Deadly Nightshade (atropa belladonna)

Deadly Nightshade (atropa belladonna)

For many, this is the star of the poison plants; named for Atropos, one of the Three Fates, who held the shears with which she could cut the thread of life. It grows in scrub, woods, woodland margins and thickets with the dark purple flowers appearing in June to August and the black, shiny berries from August to November. Most people have heard of deadly nightshade even if they have never seen it growing in the wild; its combination of providing deadly poison and its use to beautify give it a romantic attraction that is hard to beat. Add to that the hallucinations it may also cause and its fascination is complete. The plant’s very name, ‘belladonna’, comes from its use by Venetian women to make themselves ‘beautiful ladies’ by causing their pupils to dilate. Before the advent of modern anaesthetics, belladonna was applied to the skin as ‘sorcerer’s pomade’ to make the patient unconscious before surgery.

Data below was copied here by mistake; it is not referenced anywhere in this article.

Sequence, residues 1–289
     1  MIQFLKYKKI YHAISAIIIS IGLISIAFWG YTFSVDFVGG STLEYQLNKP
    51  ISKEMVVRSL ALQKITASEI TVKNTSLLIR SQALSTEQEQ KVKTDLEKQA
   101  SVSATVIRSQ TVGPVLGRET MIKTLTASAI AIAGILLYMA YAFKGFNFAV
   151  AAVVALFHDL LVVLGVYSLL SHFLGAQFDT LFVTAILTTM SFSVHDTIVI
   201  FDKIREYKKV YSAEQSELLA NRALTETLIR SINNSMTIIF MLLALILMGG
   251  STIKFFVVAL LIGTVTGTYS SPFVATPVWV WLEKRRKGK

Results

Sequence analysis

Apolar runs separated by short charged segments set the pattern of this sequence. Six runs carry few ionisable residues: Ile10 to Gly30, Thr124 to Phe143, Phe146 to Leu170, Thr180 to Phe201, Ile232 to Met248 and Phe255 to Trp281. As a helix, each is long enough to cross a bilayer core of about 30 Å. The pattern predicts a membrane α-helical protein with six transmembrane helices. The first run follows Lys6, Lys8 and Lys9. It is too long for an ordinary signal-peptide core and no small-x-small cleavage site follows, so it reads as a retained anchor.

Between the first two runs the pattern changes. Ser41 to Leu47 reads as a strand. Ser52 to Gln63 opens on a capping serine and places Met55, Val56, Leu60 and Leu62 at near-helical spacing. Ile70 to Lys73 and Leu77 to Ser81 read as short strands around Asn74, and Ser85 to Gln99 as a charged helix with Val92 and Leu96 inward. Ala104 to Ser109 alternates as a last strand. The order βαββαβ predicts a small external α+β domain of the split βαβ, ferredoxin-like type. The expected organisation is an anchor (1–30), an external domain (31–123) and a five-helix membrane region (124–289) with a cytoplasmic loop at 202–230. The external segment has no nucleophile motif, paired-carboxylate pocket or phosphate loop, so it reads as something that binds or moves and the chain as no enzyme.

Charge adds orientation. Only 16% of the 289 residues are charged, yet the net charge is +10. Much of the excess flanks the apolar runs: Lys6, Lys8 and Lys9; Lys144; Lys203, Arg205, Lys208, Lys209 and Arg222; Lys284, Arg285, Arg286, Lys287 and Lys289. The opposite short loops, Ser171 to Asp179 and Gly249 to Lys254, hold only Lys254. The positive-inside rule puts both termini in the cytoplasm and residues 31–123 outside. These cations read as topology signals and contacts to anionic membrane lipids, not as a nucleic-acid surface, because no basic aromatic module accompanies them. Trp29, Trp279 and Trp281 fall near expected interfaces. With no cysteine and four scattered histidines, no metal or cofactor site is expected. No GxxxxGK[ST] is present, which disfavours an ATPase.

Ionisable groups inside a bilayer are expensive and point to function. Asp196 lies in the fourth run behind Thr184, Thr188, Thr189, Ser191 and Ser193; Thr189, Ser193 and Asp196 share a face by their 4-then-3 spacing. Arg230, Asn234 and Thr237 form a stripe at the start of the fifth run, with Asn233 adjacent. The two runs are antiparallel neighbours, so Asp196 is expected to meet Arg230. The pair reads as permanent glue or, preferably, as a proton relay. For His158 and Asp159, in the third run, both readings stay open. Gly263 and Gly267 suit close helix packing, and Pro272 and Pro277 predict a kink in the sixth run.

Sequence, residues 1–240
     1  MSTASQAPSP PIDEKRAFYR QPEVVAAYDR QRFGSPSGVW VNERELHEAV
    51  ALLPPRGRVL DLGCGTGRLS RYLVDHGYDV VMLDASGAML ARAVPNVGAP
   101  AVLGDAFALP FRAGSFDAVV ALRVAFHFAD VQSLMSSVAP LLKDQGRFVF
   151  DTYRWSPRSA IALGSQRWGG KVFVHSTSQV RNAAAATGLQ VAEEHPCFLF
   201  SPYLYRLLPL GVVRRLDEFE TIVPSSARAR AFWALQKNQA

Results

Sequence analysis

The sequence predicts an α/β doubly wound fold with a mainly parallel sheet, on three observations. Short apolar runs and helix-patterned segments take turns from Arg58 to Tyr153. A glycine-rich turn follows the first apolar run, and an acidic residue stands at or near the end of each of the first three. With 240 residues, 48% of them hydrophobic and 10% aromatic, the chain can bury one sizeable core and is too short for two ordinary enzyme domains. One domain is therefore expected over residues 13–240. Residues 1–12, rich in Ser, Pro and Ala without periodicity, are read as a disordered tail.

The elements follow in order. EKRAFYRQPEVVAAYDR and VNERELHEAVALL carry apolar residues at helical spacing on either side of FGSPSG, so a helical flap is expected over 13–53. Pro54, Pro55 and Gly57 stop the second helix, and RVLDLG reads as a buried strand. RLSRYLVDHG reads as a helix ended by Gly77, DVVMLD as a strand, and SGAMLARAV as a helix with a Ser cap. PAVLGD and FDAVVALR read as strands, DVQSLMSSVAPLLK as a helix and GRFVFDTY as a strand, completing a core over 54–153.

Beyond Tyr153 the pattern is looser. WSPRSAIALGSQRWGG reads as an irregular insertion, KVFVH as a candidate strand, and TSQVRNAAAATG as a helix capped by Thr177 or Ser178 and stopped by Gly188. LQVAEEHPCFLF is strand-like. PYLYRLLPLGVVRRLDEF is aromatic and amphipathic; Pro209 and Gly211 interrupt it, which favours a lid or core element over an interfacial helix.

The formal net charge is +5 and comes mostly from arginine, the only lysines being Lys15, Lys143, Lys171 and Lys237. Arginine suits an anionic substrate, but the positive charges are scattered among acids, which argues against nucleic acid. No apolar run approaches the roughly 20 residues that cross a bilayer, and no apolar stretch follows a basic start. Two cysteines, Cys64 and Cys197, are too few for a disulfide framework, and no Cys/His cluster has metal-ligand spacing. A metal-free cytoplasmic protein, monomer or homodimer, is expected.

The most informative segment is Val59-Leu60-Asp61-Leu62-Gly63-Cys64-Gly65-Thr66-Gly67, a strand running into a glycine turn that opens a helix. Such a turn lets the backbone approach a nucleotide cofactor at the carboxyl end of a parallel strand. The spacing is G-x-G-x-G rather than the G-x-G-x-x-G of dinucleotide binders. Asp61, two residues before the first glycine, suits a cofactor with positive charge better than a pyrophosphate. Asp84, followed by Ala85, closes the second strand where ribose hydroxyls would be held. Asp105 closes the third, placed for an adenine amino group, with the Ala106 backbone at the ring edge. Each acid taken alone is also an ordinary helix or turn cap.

Belladonna contains tropane alkaloids, notably hyoscine (also called scopolamine), hyoscyamine and atropine, with at least five other toxic components having been isolated.

The enticing berries are slightly sweet and symptoms may be slow to appear, but last for several days. They include dryness in the mouth, thirst, difficulty in swallowing and speaking, blurred vision from the dilated pupils, vomiting, excessive stimulation of the heart, drowsiness, slurred speech, hallucinations, confusion, disorientation, delirium, and agitation. Coma and convulsions often precede death. There is disagreement over what constitutes a fatal amount with cases cited of a small child eating half a berry and dying alongside a nine-year-old Danish boy who ate between 20 and 25 berries yet survived. [Poisonous Plants, John Robertson] Though the root is believed to have the highest concentration of the toxins, the berries are usually the cause of accidental poisoning because they look so tempting.

Magical propensities for inducing visions and aiding astral projection.

Sources: By Wolfsbane and Mandrake Root

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